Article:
How 4 Big Companies Are Addressing Slavery In Their Supply Chains (And You Can, Too!)

Advantages Of A Short Supply Chain

For social enterprises like Sudara, Krochet Kids or New Zealand-based Liminal Apparel, while it may not be "easy," to establish, maintain and ensure slave-free supply chains, it is often simpler for social enterprises, who specialize in a few goods which have fewer inputs and fewer stages from source to consumer, to guarantee.

fabric + construction + distribution = short & sweet supply chain ---> ethical, slave-free

A shorter supply chain means it's simpler to guarantee ethically sourced and produced slave-free goods.

Oh, What A Tangled Web

It's not that they intend to deceive... but for major multinational corporations, supply chains are long and complex. Especially for big companies who have

  • multiple products with
  • multiple components which use
  • multiple raw materials which go through
  • multiple stages of production which involve
  • many contractors and often involve
  • many sub-contractors as well

To give a little perspective, Project Just's overview of Nike states that Nike uses 57,000 different materials, supplied by 741 vendors, and in 2015, shipped over 1 billion units through it's supply chain. (That's a lot of units.)

Supply Chain Reaction

WeTheEconomy produced the short film (8 mins) Supply Chain Reaction to describe the situation we're facing.

With so many people involved in so many stages in so many (sometimes remote) places, what's a big corp to do?

Well, thankfully, F14 can report on progress being made in eliminating modern slavery / forced labor from supply chains by these 4 companies.

4 Big Companies in the Forefront


  • Apple

Just this March the Washington Post reported on how "Apple Cracks Down Further On Cobalt Supplier in Congo as Child Labor Persists", saying

"Last year, Apple pledged to clean up its cobalt supply chain, but the technology giant said it wanted to avoid hurting the Congolese miners by cutting them off. Mining provides vital income for hundreds of thousands of people in what is one of the world's poorest countries.

"Now, Apple says it has stopped — for now — buying cobalt from artisanal mines."

Kudos to Apple for efforts to make progress on this complicated situation.

  • Intel

According to Made In A Free World, makers of the software FRDM, which helps any organization "simplify your social risk management," Intel is on the leading edge in the technology space as well.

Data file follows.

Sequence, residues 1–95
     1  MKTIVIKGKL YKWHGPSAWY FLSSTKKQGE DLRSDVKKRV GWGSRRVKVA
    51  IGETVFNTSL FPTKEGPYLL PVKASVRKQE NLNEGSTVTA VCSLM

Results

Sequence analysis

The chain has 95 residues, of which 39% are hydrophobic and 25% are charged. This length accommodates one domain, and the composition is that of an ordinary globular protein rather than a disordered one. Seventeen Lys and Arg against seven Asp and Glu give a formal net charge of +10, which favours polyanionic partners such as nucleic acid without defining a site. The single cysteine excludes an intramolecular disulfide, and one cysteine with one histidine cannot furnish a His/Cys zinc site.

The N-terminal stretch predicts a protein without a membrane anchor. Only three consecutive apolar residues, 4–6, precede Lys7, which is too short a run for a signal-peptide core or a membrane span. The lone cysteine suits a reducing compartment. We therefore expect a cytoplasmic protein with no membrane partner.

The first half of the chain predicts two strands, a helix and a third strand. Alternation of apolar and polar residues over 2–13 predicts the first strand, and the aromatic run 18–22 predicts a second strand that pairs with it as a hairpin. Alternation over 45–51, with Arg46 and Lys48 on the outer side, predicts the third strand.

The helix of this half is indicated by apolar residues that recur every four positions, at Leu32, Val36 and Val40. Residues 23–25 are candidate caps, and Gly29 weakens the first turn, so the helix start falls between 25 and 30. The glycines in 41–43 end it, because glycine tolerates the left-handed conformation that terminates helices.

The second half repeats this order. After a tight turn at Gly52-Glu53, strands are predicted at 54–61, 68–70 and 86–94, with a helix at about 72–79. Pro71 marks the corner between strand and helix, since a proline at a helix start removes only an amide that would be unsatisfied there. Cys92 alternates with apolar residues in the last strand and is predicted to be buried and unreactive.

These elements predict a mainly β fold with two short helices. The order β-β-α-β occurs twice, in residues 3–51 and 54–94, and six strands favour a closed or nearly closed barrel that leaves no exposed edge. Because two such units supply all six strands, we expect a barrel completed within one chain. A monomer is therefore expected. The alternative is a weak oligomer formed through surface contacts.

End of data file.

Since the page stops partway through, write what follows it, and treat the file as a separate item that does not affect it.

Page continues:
• Patagonia

Patagonia has a history of responsibility. While it has long been know for environmental responsibility. It's also a leader in taking responsibility for it's supply chain and labor practices. And when we say taking responsibility, we mean, taking responsibility!

Inc. described What Patagonia Did When It Found Human Slaves in Its Supply Chain in this June 2015 article here.

(btw: Kevin Bales, pioneer in the field of modern slavery, actually recently published a book on the link between slavery and environmental destruction. It's called Blood & Earth. We haven't read it yet, but it's on our list.)

  • Nike

A few years ago, Nike was heavily criticized for it's labor practices, or rather, a lack of good labor practices. For example, in this Guardian article from 2001.

Public perception may not be what it once was, and as recently as 2016, some have gone as far as to endorse Nike, saying that "Nike’s New Sustainability and Labor Practices Are One Foot Ahead of the Game."

Hot off the presses, Know The Chain's April 2017 report, FORCED LABOR ACTION COMPARED: FINDINGS FROM THREE SECTORS uses good practice examples from both Nike and Adidas. The report states:

  • Nike: "Using technology to engage and empower supply chain workers: As part of its New Ventures pilot, Nike has developed apps to support workers both inside and outside of factories."
  • Adidas: "Remedy for migrant workers: Adidas discloses a summary of the human rights complaints it has received and details on the outcomes of remediation processes, which include several cases of remedy for migrant workers."

This is not to say that any of these companies are perfect, but they are taking action and making progress.

And with supply chains as massive, long and complex as these, it's progress we can affirm.


Get to Know Your Supply Chain:

Are you a consumer, investor, supply chain or procurement manager or a decision maker in an organization?

1) Read Know the Chain's Benchmark Reports on

2) Rock, Cotton, Scissors: Find out more about where your cotton or minerals are coming from via Responsible Sourcing Network. Click here.

Supply Chain, Procurement or Risk Manager?

3) Try out FRDM! Get a free trial of FRDM supply chain management software. Click here.

If there is one thing that is clear after the initial benchmarking, it is that all evaluated companies have a long way to go to truly address the risk of forced labor in their supply chains.
— Know The Chain